OTOP City at the national level. Our department helps the entrepreneurs related to OTOP production development. 3. we have websites. And from the south can sell very well in the north.Government Official 3 Position: Director of OTOP Production Development Division Department: Community Development Department (CDD) Responsibility: Give Advice on Production Development to Entrepreneurs Interviewer: Thank you very much for the interview. Have to find experts to advise and to share knowledge One good example –Nakorn Srithamaraj sells Lacquer ware. and (3) midyear sales. They put it on the web. and they can sell very successfully. and also will develop the journal “Sawasdee OTOP” with the CDD’s advice. OTOP Product Champion is a project and its policy is to make a profile for OTOP entrepreneurs and to rank their products according to the 1-5 star grading system. It is the CDD’s responsibility. The products from the north can sell very well in the south. What are you responsibilities? How do you give advice on production development to OTOP entrepreneurs? How do you help and promote OTOP entrepreneurs? What are the problems? Interviewee: I am responsible for the OTOP production development.140 successful. They are very successful. There are many 1-3 stars entrepreneurs who need the knowledge. For expansion of the market we have (1) a provincial fair at province level. It promotes OTOP entrepreneurs. 2. CDD has to have a training staff to train entrepreneurs 3. Problems : 1. For the information for OTOP entrepreneurs. local wisdom and market expansion which are needed for OTOP products. This strategy is to make the entrepreneurs . We are responsible for the selection of OTOP Product Champion (OPC). The Department of Export Promotion (DEP) helps only premium (5 stars) OTOP entrepreneurs. (2) counter trade at the regional level. Lack of knowledge of business. E-business is not very successful. CDD is under the Ministry of Interior. In-depth Interview.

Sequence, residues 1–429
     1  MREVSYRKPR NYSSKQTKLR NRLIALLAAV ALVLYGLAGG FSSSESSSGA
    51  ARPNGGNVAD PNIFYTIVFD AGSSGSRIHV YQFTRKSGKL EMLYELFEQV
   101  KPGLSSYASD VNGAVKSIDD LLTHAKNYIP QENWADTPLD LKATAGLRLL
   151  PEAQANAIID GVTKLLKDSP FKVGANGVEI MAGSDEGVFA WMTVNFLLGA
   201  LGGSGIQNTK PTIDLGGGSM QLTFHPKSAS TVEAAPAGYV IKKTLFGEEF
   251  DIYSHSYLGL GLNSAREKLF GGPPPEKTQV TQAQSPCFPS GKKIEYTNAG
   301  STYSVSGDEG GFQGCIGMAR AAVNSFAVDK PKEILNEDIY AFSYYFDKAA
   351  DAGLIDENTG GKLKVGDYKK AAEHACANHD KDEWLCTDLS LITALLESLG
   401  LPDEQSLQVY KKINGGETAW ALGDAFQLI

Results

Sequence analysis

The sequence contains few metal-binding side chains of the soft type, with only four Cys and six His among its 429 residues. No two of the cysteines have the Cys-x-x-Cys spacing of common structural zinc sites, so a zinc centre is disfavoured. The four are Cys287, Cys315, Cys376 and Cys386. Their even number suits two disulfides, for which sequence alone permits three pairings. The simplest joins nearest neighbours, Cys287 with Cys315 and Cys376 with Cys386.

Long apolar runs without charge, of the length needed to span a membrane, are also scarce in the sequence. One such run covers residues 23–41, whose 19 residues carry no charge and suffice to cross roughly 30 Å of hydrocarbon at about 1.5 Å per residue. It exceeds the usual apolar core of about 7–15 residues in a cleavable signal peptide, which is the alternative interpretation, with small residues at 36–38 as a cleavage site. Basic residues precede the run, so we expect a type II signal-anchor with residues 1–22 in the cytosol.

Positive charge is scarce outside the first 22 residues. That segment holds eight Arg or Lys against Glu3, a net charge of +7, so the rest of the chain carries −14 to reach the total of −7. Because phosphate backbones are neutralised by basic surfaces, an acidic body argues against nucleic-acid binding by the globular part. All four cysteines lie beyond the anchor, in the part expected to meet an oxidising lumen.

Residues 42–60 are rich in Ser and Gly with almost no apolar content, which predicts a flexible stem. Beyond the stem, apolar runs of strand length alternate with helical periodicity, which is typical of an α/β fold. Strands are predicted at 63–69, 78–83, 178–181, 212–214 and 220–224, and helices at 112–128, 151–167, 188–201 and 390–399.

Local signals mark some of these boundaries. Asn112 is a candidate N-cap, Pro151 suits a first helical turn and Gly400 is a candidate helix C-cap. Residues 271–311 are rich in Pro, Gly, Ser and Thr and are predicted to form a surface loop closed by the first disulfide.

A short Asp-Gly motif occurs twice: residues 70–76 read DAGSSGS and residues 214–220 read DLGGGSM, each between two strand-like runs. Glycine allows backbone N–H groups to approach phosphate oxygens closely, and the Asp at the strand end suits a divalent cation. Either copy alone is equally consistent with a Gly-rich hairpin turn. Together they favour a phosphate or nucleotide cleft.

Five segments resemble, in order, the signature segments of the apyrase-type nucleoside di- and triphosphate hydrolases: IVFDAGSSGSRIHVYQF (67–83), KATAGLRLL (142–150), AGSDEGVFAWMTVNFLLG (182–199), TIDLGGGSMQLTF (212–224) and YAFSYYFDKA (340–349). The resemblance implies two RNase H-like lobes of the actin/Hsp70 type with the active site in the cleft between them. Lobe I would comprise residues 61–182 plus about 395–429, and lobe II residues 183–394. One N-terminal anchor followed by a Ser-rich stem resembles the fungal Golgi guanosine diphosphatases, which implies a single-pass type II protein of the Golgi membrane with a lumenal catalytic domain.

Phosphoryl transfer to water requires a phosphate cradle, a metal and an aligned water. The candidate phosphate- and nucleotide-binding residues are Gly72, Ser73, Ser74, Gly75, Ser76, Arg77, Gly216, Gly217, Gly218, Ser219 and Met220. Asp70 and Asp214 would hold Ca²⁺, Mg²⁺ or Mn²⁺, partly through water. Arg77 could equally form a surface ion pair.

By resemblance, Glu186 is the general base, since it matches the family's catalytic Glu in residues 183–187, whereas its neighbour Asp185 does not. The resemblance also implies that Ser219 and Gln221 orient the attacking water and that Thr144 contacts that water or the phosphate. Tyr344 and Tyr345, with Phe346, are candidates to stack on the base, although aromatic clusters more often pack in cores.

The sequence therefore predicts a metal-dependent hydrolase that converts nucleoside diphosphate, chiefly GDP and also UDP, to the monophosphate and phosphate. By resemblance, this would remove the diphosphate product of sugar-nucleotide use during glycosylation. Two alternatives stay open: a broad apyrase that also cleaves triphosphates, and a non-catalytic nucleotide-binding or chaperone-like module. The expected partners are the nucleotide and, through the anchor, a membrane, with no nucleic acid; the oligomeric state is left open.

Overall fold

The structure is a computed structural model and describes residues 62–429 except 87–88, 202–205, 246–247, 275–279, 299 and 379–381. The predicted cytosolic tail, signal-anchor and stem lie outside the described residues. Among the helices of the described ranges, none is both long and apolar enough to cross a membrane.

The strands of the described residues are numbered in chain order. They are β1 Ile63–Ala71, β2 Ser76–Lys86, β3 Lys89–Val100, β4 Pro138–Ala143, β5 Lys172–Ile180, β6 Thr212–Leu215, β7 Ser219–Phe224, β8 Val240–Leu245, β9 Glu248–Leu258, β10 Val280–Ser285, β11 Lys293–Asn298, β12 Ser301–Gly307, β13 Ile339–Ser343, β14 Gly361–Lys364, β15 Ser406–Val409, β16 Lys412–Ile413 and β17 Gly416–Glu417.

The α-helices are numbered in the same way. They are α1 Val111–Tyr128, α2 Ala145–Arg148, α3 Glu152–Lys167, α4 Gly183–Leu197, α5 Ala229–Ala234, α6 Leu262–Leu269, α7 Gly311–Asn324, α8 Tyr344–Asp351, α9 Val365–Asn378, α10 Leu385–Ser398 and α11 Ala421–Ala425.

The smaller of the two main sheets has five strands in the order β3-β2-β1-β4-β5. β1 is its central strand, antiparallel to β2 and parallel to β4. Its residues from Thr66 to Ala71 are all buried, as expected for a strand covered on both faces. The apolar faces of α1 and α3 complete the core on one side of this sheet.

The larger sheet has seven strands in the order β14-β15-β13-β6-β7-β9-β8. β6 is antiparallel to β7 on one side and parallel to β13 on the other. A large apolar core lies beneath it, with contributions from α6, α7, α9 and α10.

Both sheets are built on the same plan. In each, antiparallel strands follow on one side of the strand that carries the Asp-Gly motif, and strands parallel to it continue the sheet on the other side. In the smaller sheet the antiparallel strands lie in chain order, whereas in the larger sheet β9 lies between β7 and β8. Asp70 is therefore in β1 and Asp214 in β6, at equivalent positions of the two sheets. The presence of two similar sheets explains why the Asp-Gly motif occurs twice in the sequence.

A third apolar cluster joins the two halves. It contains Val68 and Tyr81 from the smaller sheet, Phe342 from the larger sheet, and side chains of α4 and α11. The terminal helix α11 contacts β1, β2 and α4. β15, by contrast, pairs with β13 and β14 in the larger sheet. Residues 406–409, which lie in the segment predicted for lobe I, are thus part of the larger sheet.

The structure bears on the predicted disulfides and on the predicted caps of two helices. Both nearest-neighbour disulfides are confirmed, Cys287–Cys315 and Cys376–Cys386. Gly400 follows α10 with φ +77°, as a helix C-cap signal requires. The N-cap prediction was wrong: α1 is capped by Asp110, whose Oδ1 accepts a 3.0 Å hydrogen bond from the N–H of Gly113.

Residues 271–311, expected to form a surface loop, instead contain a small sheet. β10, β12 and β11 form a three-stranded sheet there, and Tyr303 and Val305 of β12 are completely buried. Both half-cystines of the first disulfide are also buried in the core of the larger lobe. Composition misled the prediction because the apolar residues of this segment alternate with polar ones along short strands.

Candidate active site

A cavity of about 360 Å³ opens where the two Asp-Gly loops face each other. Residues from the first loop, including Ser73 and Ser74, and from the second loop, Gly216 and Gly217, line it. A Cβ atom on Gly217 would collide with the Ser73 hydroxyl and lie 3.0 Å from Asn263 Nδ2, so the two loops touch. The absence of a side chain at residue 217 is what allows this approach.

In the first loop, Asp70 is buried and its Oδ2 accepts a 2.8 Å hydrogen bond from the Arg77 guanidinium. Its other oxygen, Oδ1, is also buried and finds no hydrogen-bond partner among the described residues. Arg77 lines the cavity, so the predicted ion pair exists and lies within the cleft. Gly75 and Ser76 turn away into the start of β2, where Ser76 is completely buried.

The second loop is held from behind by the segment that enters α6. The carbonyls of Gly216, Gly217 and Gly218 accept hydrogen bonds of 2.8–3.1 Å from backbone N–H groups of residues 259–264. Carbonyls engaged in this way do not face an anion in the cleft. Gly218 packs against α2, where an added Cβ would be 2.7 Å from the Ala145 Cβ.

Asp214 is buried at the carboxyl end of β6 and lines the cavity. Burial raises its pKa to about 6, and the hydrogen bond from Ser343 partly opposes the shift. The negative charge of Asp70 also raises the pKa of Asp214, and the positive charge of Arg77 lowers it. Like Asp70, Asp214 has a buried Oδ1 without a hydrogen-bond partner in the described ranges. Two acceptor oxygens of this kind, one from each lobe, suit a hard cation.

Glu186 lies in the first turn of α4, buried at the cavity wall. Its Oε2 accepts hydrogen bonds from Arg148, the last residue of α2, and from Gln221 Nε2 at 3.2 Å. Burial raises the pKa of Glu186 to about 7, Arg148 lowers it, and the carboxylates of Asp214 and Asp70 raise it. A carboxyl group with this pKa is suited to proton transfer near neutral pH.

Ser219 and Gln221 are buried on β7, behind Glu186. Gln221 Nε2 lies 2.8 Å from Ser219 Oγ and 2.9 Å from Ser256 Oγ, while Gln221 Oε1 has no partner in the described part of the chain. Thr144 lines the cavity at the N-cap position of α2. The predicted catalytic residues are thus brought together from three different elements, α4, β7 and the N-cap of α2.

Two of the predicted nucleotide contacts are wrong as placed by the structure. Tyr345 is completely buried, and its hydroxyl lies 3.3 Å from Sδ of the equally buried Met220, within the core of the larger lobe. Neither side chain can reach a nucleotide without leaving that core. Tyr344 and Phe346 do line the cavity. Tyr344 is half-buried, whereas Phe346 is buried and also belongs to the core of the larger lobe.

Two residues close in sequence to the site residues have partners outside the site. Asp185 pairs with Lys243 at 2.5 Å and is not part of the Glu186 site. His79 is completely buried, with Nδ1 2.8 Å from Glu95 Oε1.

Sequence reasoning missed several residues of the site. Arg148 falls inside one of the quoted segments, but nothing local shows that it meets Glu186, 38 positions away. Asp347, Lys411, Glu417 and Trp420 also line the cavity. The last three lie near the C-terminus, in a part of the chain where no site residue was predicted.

000 registered OTOP entrepreneurs. we have 10. (2) sole entrepreneurs and (3) SMEs with a capital of not more than 5 million baht. 3. The frame of selection of OTOP Product Champion is: 1. in Bangkok by the district of Bangkok Metropolitan.000 registered OTOP entrepreneurs. and (4) registration process. Have the story of the product. The committees will follow the Guidance and Regulations for Selection of OTOP Product Champion 2010. (2) setting subcommittee for registration process. the committees are from the Ministry of Commerce. Every 2 years there is registration of OTOP entrepreneurs and selection of OTOP Product Champions. which are: (1) the provincial level and (2) the national level. product quality and customer satisfaction. and the food and medical department of the Ministry of Health. The selection processes are filtered by the district – Amper. (3) making announcement for the entrepreneurs to register. Of the over 30. For the national level. In the year 2010 OTOP Committee has approved the project of OTOP Product Champion and authorized CDD to run procedures according to the Guidance and Regulations for Selection of OTOP Product Champion 2010. universities. 4. The Provincial Level OTOP Product Champion committee consists of: 1) The governor of the respective province 2) Government officials related to OTOP Product Chairman Committee . Have standardization.000 products.000 entrepreneurs who have received 1-5 star status. In provincial level the committees are from the knowledgeable people from universities in that province.141 compete for product development. Continuous production and quality consistency. There are three categories of OTOP entrepreneurs. which are (1) community manufacturer group. The processes of selection of OTOP Product Champion are: (1) setting an OTOP Product Champion committee at the Provincial Level. There are committees that are responsible for selection the OTOP entrepreneurs 2 levels. Product is exportable and has the strength of brand equity. the Ministry of Industry. These entrepreneurs have to fulfill one of the production standard requirements before attaining star status. 2. From 30. we have 80.